PELLEY: What did Chris Cox do wrong?
MCCAIN: He did not exercise the regulatory and oversight responsibilities of the Securities and Exchange Commission. He's a friend of mine. I like him. I respect him. But the point is that in this day and age, nobody is held responsible. Brief story. I wrote about this. General Eisenhower, the night before the Normandy invasion, wrote two letters. One was a letter praising the brave Americans who served and sacrificed at the successful conduct of landing at Normandy. The other letter was a letter of resigning from the United States Army because he assumed and took full responsibility for the failure of the landing at Normandy. We don't do that anymore. So we've gotta hold people responsible. And right now Americans very correctly want people to be held accountable.
PELLEY: I'm curious. If you wanna fire Chris Cox, the chairman of the SEC, who would you replace him with?
MCCAIN: Well, you know, this may sound a little unusual, but I've admired Andrew Cuomo. I think he is somebody who could restore some credibility, lend some bipartisanship to this effort. Whatever we're gonna do here, it's gonna have to go through Congress, and it's gonna have to be done in a bipartisan fashion, so I believe. He probably [will] not be too pleased to hear me recommend him.
PELLEY: He's a Democrat.
MCCAIN: Oh, yes.
PELLEY: He served in the Cabinet of President Clinton.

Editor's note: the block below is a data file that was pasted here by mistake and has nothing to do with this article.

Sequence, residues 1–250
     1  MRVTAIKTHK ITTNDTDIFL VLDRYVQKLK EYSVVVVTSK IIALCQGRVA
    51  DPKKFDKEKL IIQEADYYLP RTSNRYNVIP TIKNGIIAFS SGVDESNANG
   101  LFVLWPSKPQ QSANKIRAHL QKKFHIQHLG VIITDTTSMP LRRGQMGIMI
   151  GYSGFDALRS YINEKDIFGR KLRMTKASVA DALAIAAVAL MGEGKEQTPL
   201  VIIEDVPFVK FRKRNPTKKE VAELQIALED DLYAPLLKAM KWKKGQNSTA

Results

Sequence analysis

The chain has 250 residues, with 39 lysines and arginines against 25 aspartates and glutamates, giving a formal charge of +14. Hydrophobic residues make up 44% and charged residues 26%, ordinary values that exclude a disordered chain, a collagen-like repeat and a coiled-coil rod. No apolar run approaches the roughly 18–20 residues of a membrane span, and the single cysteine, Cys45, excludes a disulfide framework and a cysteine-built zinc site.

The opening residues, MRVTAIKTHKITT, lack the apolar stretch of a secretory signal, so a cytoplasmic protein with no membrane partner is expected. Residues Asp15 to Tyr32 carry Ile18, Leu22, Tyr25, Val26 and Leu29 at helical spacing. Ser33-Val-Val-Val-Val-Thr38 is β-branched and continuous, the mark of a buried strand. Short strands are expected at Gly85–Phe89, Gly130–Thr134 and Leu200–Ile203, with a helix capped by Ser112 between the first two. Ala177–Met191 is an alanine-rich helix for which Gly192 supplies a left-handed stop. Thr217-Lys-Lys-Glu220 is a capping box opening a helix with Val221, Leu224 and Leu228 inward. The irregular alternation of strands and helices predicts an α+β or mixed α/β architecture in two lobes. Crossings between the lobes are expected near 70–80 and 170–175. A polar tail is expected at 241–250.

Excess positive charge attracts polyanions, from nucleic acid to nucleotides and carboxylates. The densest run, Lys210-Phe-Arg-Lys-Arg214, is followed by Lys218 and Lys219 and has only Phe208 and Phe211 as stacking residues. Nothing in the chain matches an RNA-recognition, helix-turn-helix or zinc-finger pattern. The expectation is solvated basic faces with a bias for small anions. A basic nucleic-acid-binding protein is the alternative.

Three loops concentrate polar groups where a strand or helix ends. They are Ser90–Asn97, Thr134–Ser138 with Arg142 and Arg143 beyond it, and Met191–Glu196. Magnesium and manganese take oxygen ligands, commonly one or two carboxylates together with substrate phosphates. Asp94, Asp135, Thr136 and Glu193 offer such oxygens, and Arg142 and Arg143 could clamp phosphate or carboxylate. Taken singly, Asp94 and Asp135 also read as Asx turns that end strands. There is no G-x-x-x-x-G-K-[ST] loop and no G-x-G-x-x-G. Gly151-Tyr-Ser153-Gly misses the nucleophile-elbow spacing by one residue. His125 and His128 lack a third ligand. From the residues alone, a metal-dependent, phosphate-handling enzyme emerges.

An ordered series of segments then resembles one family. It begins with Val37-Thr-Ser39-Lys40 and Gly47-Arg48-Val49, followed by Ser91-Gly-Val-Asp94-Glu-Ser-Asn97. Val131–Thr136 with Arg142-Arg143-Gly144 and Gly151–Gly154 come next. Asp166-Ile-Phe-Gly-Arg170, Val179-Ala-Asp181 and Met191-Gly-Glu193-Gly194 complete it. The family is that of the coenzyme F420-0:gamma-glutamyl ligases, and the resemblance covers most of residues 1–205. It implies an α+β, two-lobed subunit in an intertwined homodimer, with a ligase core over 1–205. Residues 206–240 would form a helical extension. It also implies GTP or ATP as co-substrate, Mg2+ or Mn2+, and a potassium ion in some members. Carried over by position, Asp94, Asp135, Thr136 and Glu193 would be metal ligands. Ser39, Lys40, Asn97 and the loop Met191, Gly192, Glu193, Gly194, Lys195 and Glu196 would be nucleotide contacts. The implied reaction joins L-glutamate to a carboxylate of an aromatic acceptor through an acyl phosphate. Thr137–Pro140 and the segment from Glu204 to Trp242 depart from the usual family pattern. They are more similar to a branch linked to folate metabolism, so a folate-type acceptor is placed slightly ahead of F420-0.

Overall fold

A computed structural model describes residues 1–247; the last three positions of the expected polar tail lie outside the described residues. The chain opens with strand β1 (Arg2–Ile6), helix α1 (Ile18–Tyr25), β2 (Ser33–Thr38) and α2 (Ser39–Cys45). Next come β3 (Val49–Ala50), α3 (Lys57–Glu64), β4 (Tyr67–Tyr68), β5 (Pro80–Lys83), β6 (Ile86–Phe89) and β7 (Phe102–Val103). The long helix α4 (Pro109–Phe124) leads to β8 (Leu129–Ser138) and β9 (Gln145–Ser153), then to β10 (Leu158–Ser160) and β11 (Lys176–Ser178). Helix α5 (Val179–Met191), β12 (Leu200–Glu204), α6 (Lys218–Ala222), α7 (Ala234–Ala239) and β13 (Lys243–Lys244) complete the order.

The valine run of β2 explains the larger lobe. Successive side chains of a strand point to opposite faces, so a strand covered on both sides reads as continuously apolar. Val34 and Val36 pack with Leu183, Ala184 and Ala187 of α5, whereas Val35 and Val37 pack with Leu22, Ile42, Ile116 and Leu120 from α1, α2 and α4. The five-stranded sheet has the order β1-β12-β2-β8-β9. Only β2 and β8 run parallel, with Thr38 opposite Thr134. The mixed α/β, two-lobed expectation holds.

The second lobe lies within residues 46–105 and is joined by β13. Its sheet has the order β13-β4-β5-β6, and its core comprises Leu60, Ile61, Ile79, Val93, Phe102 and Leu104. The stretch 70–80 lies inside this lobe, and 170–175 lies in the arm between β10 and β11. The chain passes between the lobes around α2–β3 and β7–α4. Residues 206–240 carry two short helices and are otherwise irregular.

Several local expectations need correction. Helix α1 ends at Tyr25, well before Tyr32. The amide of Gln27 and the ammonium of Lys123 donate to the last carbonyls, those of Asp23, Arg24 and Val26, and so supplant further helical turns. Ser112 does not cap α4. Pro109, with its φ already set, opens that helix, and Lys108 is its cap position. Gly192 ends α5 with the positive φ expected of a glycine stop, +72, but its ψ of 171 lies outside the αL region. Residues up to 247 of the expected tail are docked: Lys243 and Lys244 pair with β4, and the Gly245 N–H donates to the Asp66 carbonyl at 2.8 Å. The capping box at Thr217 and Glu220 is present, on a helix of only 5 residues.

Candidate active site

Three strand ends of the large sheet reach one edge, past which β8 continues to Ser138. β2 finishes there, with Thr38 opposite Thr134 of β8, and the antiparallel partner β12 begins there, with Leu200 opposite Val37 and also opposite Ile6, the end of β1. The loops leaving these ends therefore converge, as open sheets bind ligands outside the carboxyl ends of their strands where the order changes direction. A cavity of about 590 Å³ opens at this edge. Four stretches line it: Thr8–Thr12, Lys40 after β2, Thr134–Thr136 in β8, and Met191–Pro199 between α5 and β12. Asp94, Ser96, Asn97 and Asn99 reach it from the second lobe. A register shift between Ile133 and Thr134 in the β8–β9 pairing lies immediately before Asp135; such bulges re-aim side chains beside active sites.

MCCAIN: Yes. And he did a good job. And he has respect. And he has prestige. We need to bring people into this mess that have credibility and can take the most essential step forward that I described earlier: trust and confidence. I think they would have trust and confidence in him. There are many others. But his name springs to mind.
PELLEY: You place a great deal of responsibility on this current emergency on the administration.
MCCAIN: Yes. Yes.
PELLEY: This is the President of your party.
MCCAIN: Yes, it is. And I blame the Democrats in Congress who had such a cozy relationship with Fannie and Freddie. The former CEO of Fannie was a person that Senator Obama tapped to select help select his next vice-president. Another one is one of his closest advisors. Senator Obama was the second or third highest recipient of contributions, but the most from Fannie and Freddie. But the most important thing here is there got to be a relationship between Congress and Fannie and Freddie that basically ignored what was happening and allowed these organizations to grow in the most incredible fashions. Two years ago I said and co-sponsored legislation that said their practices are gonna lead us into disaster if we don't stop it. By the way, for full disclosure, I didn't predict this size of a disaster. But I said their practices were wrong. They were lending money where they shouldn't have. They were engaged in practices which were fundamentally, fiscally unsound.